It was the call she had wanted for more than a year — her only child’s alleged drug dealer had been arrested, according to state police.
Veronica Gower’s only child, a 30-year-old son named Jeremy Alterio, died April 7, 2016 in Bellefonte from an overdose of heroin and fentanyl.
“I cried, and I was so overcome with emotion,” Gower said. “I was told that these cases are hard to prove, but that the case was strong. I know now just how few cases make it to court. I wish everyone and every case had justice.”
Jason Dunlap, her child’s alleged drug dealer, was arrested Aug. 8 in an Oregon motel where he stayed with his girlfriend for two weeks. Dunlap, of Milesburg, was indicted on one count of heroin and fentanyl distribution resulting in death, one count of distribution of heroin and seven counts of possession with intent to deliver heroin.
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A criminal docket filed in the United States Eastern District Court of Pennsylvania detailed how Dunlap allegedly sold the drugs that killed Alterio.
Dunlap allegedly traveled at least nine times in the 12 days before Alterio’s death from State College to Philadelphia where he bought drugs from a supplier. Dunlap later allegedly sold drugs to Alterio after two of the trips, the last resulting in his death.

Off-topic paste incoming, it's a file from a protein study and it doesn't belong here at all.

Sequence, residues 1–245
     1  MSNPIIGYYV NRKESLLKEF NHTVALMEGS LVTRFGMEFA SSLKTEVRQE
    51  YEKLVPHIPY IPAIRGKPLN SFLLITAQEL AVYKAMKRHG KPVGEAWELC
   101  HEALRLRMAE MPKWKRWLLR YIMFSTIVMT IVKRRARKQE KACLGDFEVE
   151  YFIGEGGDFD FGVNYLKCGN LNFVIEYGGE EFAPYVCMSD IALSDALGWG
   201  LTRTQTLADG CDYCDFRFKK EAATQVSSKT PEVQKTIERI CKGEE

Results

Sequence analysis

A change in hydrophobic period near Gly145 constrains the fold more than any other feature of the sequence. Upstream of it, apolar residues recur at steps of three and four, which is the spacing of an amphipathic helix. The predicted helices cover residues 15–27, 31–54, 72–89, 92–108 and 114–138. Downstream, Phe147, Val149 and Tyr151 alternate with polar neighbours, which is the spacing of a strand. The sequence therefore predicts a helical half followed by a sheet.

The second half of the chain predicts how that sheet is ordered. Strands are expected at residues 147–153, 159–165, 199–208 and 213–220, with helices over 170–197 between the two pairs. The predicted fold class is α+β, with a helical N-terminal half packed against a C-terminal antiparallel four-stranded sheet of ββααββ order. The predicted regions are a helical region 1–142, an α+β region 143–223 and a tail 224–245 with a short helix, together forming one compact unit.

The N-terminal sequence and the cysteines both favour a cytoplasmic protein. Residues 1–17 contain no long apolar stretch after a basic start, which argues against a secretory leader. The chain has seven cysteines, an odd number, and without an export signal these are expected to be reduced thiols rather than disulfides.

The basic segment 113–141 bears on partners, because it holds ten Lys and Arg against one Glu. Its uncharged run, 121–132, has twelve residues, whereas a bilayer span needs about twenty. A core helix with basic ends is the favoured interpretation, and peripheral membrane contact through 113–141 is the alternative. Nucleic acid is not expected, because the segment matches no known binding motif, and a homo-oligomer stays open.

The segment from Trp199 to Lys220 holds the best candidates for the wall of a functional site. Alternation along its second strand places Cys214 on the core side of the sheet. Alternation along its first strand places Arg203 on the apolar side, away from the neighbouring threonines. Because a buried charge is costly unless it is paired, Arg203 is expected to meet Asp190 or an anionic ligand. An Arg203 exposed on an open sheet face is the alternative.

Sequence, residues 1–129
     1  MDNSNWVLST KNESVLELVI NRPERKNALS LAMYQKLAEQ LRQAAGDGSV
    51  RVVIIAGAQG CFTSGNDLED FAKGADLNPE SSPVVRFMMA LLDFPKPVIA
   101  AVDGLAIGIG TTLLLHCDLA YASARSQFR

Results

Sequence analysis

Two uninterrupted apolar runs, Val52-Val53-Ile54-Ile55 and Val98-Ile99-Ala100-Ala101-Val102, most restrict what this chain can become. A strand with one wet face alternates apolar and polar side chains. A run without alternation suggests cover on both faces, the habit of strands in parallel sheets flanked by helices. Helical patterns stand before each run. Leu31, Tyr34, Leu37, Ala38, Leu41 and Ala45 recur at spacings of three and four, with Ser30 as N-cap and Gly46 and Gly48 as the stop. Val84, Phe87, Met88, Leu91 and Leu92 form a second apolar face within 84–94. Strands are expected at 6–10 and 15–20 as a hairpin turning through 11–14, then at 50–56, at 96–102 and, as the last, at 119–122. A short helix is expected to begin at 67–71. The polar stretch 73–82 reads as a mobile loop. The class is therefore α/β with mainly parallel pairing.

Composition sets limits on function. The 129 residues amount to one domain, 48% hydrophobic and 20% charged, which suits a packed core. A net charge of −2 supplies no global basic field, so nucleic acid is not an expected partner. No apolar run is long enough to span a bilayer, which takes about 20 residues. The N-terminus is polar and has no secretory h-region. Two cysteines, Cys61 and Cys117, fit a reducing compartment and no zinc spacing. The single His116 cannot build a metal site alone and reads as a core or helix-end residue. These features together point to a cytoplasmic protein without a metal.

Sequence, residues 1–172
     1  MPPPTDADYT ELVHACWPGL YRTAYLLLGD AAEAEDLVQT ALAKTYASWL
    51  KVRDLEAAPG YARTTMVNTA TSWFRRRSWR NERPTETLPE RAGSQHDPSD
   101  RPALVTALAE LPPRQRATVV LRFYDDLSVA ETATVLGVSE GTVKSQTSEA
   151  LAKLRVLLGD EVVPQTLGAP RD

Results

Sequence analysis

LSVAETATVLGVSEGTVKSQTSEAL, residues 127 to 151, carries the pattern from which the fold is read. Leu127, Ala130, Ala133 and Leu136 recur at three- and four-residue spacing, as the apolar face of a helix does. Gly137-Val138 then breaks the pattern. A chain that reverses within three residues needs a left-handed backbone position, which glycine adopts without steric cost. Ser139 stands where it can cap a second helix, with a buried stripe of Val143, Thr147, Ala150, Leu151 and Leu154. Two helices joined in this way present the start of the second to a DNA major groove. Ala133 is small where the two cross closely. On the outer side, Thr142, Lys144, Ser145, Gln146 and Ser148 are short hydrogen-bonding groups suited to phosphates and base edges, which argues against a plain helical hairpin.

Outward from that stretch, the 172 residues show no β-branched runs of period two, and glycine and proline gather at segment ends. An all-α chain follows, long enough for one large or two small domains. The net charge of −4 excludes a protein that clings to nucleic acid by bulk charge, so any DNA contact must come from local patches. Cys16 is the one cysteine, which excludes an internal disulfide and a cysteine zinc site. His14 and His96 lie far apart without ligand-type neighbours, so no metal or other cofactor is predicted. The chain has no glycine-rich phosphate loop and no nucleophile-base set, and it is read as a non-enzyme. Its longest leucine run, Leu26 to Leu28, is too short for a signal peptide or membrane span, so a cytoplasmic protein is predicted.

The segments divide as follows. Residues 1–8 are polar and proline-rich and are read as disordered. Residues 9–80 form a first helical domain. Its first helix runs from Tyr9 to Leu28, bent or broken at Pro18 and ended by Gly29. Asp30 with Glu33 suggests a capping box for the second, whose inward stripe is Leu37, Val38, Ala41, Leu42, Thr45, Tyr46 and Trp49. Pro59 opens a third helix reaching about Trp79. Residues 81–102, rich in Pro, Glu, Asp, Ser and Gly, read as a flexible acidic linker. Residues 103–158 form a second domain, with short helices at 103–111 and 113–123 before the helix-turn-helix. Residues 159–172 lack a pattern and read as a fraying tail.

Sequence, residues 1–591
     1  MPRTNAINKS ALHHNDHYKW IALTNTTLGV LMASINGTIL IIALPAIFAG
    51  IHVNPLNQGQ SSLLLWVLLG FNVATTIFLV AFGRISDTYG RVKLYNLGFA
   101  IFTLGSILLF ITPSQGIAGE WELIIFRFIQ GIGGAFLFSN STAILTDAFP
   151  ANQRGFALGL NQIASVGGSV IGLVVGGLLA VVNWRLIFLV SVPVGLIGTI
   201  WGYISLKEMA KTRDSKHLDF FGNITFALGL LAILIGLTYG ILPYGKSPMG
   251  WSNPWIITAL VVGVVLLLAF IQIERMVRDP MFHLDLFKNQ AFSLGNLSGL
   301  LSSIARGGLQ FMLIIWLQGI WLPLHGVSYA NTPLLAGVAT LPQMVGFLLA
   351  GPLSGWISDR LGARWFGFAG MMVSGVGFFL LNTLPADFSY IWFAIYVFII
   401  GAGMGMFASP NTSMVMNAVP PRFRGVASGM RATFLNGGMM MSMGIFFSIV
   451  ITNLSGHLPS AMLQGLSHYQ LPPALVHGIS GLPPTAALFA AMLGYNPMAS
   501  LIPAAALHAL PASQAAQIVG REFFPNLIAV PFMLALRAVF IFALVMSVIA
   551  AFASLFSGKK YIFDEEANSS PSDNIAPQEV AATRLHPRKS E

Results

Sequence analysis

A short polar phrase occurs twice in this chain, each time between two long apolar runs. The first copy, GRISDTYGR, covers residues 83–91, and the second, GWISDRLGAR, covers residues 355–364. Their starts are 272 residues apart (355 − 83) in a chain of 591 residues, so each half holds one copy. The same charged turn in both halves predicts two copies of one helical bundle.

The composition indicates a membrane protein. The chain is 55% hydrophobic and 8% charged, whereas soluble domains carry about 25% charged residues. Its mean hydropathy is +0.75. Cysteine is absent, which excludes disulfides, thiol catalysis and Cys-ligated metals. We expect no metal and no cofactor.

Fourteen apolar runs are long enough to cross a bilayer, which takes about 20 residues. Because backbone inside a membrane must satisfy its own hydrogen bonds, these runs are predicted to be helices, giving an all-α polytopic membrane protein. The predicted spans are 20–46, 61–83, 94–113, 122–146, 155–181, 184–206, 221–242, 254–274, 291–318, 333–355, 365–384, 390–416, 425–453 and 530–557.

State police at Rockview responded to Alterio’s Bellefonte residence April 7, 2016 when he was found dead. Investigators established through Alterio’s cell phone that alleged $40 heroin deals were made with Dunlap by Facebook messenger. The final exchange was made shortly before midnight April 6, 2016.
The United States Drug Enforcement Agency “stopped” Dunlap on the day of Alterio’s death and allegedly found 59 red packets of heroin in his possession. The criminal docket said that Dunlap had told his supplier he did not want to purchase any more blue packets, which allegedly resulted in Alterio’s death.
Dunlap allegedly waived his Miranda rights and gave a statement that explained how he received drugs from a Philadelphia supplier. The criminal docket also said that Dunlap allegedly continued to sell drugs despite Alterio’s death.
“I’m one of the lucky ones if you can believe that,” Gower said. “There is enough evidence to prosecute him.”
If convicted of the charges filed against him, Dunlap could face a sentence of life imprisonment and a $18 million fine.
Gower recently launched a petition for harsher state penalties against dealers that sell drugs resulting in death.
“I think its the only way we're really going to change what's been going on in our community,” Gower said. “Something drastic needs to be done. To me, they are murderers, and I’d say that if my own child hadn’t died.”
She also wants a drug rehabilitation facility to open in Centre County and for there to be more education available on helping addicts.
A jury trial has been scheduled to be at 9:30 a.m. Nov. 6 in Philadelphia’s federal court.